Technical difficulties galore, newspaper nostalgia
By Chuck Wiser, I write the words to share what my eyes see and my heart feels
Sometimes my writing inspirations overtax my intelligence, or at least my knowledge, and it turns what should be an hour’s effort into a half day’s exploration, head shaking, and frustration. The insert note is what I had formerly used as a “roadmap” to read the music for singing a song that used musical notation convention to keep a musical “score” from being 20 pages long. When a certain section of a song, like the chorus, is used to precede or fit between verses, rather than insert the full body of words, multiple times necessitating more pages of music, a combination of musical symbols are used to accomplish that.
Over my 40+ years of “formal” chorus singing, having no previous musical training or education, I would struggle at times knowing what part to sing, when to sing it, and how to know which parts were to be repeated or sung again, where to start from, how much was to be repeated, and when to stop the repeated section and continue to go on. Until just recently I was able to glean enough information from reading and listening to be able to perform. Over time I learned what the standard musical terms and symbol notations meant but had to be supplemented with notes to myself used while learning the music and by making notations in the printed musical “score” itself. Trying to read the lyrics, and read the notes to be sung, and think about those pesky repeats when singing a fast-moving piece is quite a challenge for me. Until the other day when I was trying to learn a song to be performed with the “Praise band” at Grace United Church, I had a pretty good idea of the meanings of the symbols, but the piece we were working on had significantly more complex repeats and jumps of different parts of the song for me. Dave Toot, our Church Choir director and oft times fill in with the Genesee Valley Chorus, has become somewhat my musical mentor. When I asked him how to interpret those symbols, along with the musical notations directing me on the “repeats,” he replied to my Facebook message and instructed me as follows:
So, you read all the way through the piece to the place on page 4 where it says D. S. al coda. At that point you jump back to “the sign” on page 2 (funny S shape). Then sing to the place on page 3 where it says “to Coda” where you jump to the coda. In this piece the so-called coda is almost as long as the first part.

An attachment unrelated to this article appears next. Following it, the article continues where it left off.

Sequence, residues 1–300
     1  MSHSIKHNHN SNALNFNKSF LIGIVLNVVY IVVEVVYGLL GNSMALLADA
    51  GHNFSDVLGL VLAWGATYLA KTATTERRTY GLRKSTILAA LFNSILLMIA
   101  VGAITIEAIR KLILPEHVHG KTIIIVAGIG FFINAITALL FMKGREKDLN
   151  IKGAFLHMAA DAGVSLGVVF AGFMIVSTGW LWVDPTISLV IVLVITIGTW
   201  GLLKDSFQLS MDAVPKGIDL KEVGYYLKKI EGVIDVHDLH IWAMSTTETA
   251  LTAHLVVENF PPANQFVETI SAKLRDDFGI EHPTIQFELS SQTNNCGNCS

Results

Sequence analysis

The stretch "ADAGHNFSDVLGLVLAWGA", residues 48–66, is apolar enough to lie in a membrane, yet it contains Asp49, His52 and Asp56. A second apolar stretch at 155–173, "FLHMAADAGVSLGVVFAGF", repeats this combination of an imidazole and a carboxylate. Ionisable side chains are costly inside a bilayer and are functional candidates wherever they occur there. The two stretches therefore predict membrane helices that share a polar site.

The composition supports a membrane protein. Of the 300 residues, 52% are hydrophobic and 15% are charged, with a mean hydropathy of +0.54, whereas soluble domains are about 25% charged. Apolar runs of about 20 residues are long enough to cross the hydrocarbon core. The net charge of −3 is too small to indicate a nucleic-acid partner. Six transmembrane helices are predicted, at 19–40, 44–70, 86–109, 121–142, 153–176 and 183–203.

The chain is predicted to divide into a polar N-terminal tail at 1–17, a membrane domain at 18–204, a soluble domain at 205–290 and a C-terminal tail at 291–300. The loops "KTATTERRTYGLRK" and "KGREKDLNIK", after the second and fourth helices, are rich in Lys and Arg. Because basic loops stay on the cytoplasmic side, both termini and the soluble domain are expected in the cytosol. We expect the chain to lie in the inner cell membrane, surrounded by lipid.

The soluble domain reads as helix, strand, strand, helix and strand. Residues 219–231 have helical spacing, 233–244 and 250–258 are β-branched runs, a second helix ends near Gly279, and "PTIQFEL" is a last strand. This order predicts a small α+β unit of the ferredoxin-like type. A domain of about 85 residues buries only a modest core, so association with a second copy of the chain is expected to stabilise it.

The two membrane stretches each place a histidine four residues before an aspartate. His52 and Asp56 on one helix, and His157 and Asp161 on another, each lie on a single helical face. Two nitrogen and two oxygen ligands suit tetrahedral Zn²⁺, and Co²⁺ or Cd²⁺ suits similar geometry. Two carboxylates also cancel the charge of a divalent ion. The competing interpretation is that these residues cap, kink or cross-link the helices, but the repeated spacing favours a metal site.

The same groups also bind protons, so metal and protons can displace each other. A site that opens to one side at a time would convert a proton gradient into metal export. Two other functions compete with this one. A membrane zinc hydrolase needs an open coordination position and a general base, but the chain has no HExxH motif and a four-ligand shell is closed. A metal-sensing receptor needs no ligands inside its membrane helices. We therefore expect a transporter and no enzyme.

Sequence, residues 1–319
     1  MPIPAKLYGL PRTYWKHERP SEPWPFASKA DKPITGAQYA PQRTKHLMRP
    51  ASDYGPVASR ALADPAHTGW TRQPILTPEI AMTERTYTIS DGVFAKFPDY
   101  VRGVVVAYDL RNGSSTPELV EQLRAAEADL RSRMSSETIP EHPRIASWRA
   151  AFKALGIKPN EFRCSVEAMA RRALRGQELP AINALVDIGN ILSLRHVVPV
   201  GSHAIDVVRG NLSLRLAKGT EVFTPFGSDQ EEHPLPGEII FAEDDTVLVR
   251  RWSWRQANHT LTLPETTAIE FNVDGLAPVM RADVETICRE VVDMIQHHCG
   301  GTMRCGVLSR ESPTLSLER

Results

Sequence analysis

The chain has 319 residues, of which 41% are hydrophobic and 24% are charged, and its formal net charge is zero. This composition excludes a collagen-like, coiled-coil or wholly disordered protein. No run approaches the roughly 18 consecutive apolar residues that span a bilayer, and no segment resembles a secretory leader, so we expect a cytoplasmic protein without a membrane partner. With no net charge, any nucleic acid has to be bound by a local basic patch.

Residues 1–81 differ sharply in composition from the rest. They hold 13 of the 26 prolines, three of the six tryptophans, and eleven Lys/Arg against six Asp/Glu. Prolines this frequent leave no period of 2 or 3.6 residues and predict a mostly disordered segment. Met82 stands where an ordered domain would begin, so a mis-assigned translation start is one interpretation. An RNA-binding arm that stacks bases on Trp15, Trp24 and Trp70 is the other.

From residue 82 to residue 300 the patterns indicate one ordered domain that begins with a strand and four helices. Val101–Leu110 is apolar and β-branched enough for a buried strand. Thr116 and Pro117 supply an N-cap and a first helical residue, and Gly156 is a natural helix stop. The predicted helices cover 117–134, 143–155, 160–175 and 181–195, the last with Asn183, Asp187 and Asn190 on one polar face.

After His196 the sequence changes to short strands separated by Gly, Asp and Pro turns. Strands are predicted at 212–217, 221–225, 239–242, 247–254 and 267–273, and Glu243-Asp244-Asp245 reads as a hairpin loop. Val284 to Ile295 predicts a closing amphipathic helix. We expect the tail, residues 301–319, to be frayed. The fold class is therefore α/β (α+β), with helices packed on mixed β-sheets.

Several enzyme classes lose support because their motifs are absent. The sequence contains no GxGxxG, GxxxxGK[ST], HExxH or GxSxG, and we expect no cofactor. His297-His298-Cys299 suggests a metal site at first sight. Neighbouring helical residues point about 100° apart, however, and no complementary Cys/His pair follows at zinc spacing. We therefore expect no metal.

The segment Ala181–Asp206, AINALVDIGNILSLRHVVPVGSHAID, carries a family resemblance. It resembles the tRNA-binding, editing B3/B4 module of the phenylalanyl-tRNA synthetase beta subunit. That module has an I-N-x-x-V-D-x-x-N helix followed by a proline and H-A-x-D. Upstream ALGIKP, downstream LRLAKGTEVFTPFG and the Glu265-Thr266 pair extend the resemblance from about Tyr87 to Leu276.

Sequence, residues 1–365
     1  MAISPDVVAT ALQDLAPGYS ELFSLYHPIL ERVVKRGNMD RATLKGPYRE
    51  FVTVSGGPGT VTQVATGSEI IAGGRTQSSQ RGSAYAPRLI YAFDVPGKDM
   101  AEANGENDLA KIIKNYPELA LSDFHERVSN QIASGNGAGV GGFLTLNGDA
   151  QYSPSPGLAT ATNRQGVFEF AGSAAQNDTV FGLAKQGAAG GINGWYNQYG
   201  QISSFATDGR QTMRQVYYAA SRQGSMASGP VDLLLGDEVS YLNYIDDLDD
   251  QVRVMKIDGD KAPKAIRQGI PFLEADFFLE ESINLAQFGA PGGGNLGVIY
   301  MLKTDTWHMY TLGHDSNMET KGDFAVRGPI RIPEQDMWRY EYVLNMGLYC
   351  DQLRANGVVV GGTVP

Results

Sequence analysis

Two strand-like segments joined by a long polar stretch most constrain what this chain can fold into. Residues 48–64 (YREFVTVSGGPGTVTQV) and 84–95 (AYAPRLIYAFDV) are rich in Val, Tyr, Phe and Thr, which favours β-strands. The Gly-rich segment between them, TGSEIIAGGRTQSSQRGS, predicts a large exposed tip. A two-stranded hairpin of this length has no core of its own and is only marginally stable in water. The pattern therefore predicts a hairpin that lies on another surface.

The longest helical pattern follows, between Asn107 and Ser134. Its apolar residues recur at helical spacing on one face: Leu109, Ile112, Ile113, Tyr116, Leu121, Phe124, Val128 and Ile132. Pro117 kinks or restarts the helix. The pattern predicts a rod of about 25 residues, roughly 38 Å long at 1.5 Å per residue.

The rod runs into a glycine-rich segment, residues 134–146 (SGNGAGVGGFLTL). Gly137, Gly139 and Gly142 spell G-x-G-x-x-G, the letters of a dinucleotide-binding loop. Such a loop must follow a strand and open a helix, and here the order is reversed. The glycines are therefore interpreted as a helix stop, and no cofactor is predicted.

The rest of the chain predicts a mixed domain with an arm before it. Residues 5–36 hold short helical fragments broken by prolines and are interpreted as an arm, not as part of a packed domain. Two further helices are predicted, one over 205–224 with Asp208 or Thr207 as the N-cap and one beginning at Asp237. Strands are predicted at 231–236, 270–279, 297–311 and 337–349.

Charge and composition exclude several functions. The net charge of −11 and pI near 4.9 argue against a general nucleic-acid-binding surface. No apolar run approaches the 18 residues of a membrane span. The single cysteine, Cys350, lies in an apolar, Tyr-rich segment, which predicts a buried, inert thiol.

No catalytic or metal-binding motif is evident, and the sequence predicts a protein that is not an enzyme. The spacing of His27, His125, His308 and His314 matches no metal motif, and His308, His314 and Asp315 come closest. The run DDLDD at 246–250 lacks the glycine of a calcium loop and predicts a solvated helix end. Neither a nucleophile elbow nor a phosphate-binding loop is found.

Being ever anxious to learn I researched the meanings of those words and symbols and familiarized myself as to how to interpret the various Coda codes. I need to understand the why of doing something along with the how.
Wrambling on: I had another experience with a road “flag person” the other day as I traveled the Vandermark Road (Cty. Rte. 10) into Scio. As I approached the bridge repair section on my return trip from a wildlife relocation venture, I approached the same section to the temporary detour and was somewhat surprised to find that the detour had changed, the cones had been moved, and there was a flag person on duty. He was positioned on the side I was approaching and like the “flag person” a few months ago had done he casually swung his arm (without flag) indicating I should stay in that lane, go around him, and to stay on that, the opposite side of the previous detour section. His traffic directing was a little vague.
I wonder if it was the same “flagman” that I had seen a few months ago on the Friendship-Cuba Road who used the same “directing technique.” I know it can be a tedious and boring job, but it should be done a little more professionally or clearly. I wonder if they get any flagging training.
In last week’s Wrambling I extolled my Modem/Router change out experience. This week I had the opportunity to switch out my computer and printer. I had replaced my computer with a newer, refurbished computer, with an almost up to date “processor” to give me more operating speed. I have no reason other than impatience, to be in a hurry but my snail-paced computer had to go. The printer too needed changing as the print capability had deteriorated significantly. Interfacing modern technology these days is best left to 12-year-olds or a professional like my old friend Keith Loines. I thought it prudent to have him do the computer install from the front end rather than calling him after, or midstream, to straighten out that which I probably would have screwed up. The switch between old and new computers involved transferring my old computer software and programs from old to new. From start to finish the two hours it took him, likely would have been two days for me. I did manage to install the new printer myself and now it’s just a matter of getting the various devices to talk to each other, and the hardest part trying to figure out what username I used for what and what the password was. It was a temporary setback as I couldn’t find the password for the modem until I remembered that it was on the Modem itself.